Using Google Meet (previously Google Hangouts) in the classroom is a great way to connect and collaborate, especially when so many classes are still involved in distance learning. Since many teachers already use Google Classroom, Google Meet becomes a powerful tool for making connections, working collaboratively, and introducing the wider world to your students. Many educators have embraced Google Meet to enrich both their students’ learning experiences and their own professional development. You can connect students with their classmates, peers from around the country, and even expert or guest speakers. New to Google Meet or need a refresher? Head to our Google Meet 101 first! Then check out these ways that teachers use Google Meet for learning.
Conduct a live lecture
With distance and hybrid learning, many teachers rely on Google Meet as their video tool of choice to conduct a live lecture. It’s a great way to teach up to 250 students, and there’s a lot of flexibility. Record the class time, allow for students to ask questions live or in chat, and much more.
Jamboard is a whiteboard app that’s part of Google’s G Suite, making it perfect for using with Google Meet! Showcase your morning meeting calendar, take a poll, do a class brain dump, and so much more. See all of our Jamboard ideas.
Encourage student team building, even online!
Form a virtual book club
Gather together students and classes to discuss novels together! Before the Google Meet, have students brainstorm 10 questions they want to ask their book club partners. Then, send the questions to the other class before the meeting date to allow students ample time to construct their answers. When the classes meet, they each take turns asking and answering one another’s questions. You can do the same for other virtual clubs!
Rethink student presentations
Projects and presentations are authentic assessments that many teachers have embraced over the recent years. However, with Google Meet, teachers can take this assignment a step further by recruiting parents, community members, or career professionals to be their captive audience. This is a perfect finale as a Project-Based Learning (PBL)-culminating activity. What better way to make learning real and relevant than to have students share their work with adults who can provide constructive feedback at the end of the presentation? Think Shark Tank but with much nicer panelists.
Host a virtual breakfast
Are you finding it harder to connect with your students? Do like this teacher did and host a virtual breakfast club. You’ll get a yummy breakfast and connect with students in an out-of-the-box way.
Make virtual homeroom more interactive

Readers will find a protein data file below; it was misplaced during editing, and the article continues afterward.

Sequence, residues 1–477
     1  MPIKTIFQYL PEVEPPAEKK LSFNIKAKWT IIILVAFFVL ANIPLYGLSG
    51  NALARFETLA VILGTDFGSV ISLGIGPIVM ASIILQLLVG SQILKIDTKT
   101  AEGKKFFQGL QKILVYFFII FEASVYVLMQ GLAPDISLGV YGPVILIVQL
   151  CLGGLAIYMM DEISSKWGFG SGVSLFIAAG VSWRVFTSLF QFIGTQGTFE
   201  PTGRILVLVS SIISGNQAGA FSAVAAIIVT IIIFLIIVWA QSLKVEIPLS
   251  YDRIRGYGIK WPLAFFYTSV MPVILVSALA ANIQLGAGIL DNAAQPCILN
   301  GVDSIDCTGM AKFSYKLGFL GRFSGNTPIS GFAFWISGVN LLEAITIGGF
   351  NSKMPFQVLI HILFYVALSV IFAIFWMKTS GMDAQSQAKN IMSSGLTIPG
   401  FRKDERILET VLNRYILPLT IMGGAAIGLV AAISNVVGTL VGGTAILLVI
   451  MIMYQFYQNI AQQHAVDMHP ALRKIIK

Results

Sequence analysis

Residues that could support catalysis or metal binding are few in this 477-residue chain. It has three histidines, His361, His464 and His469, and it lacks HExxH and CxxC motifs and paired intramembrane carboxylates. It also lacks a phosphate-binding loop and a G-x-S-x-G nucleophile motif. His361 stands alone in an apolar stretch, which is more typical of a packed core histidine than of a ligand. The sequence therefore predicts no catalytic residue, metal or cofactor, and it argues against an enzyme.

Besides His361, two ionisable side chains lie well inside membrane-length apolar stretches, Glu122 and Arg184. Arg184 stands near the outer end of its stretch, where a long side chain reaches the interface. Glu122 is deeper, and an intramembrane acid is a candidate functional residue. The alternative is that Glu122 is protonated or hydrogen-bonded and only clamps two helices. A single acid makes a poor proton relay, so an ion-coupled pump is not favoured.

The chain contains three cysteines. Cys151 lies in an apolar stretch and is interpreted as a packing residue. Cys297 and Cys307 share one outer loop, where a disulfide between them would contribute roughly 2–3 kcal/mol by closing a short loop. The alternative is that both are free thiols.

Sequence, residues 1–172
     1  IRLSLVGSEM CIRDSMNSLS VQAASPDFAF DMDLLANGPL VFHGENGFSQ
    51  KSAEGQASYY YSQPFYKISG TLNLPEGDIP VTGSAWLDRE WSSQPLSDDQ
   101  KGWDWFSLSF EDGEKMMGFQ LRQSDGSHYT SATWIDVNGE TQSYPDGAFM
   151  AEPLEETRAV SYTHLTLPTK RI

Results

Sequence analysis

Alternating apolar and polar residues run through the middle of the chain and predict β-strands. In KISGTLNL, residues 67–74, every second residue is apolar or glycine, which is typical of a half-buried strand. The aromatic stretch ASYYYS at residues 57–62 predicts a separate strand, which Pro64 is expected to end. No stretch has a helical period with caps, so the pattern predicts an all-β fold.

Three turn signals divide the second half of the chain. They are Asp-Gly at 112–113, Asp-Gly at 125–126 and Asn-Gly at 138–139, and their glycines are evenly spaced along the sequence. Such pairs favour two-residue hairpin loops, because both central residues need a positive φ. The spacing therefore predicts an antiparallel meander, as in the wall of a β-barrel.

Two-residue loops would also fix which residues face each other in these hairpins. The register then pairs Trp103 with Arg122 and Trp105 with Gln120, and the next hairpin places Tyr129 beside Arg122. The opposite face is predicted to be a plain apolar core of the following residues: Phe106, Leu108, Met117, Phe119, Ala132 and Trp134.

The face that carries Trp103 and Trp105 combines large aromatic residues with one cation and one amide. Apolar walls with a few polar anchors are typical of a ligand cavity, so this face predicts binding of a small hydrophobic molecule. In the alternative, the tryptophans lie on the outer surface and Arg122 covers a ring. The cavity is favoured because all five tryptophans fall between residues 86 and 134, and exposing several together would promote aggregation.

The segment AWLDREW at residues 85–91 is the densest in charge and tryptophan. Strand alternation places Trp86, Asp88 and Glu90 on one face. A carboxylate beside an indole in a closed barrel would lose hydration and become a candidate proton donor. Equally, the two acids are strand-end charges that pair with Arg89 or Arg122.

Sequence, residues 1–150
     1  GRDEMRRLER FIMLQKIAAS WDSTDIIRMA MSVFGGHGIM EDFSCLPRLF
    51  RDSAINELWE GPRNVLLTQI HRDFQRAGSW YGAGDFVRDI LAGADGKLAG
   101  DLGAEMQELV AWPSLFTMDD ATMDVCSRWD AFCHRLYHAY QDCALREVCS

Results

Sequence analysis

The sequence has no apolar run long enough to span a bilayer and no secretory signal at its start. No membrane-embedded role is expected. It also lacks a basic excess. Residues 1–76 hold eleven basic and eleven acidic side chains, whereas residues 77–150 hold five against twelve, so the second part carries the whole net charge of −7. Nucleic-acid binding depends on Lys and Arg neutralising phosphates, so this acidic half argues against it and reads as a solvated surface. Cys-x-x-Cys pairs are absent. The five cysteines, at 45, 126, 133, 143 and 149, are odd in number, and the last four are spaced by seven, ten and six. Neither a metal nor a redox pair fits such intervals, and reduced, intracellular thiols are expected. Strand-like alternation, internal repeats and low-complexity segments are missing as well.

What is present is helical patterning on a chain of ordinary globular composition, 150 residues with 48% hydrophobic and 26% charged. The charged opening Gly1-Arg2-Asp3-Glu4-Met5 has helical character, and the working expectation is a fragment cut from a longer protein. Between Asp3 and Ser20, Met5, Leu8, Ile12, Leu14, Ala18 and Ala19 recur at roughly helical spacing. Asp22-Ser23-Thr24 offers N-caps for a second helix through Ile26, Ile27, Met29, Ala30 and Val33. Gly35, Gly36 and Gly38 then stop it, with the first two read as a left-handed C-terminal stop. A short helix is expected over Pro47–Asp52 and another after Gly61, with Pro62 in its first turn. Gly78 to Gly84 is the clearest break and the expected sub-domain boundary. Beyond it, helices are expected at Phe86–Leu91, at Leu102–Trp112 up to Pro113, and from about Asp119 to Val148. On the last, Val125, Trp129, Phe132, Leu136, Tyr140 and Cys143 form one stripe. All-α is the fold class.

Schools start their days in a variety of ways, but if yours has homeroom, why not incorporate Google Meet and make it interactive? Incorporate some social-emotional learning, real-life skill development, and allow for time for kids to talk about problems and concerns. Consider Google Meet for your virtual office hours as well.
Work on projects together
Google Meet is the perfect space for virtual breakout rooms. Students and classes studying similar themes or topics can collaborate on projects together. And you can even “circulate” the room or share messages with the whole class.
Create virtual stations
Station rotation can be done virtually using Google Meet and other tools. In fact, there are many options to choose from depending on what’s best for your kids. Allow for group stations or independent work! Plan your virtual station with these tips.
Invite guest speakers
Inviting a speaker into the classroom has never been easier … or less expensive. Video-calling enables anyone from around the world to “visit” a school. Reach out to your favorite authors or guest lecturers and invite them to join your Google Meet.
Engage your students
The most engaging technology tools take learning to the next level. They give our students the opportunity to be creative and actively participate in their learning. What makes these tools so engaging is that they are interactive, and we all know that when students are in the driver’s seat, they take the wheel. Many of these tech tools for student engagement can be used with Google Meet!
Hold virtual parent/teacher conferences
When it comes to parent/teacher conferences, many of them are being held online this year. Make it easy with a Google Meet between you and your students’ parents.
Collaborate with your PLN
With everyone just a video call away, educators can work on projects and share ideas with anyone around the world. Many educators have forged powerful connections in their professional learning network via social media platforms, and they’re using Google Meet to learn together or to plan professional development events for educators.
The possibilities of using Google Meet in education are endless. How will you transform your learning and the learning of your students?
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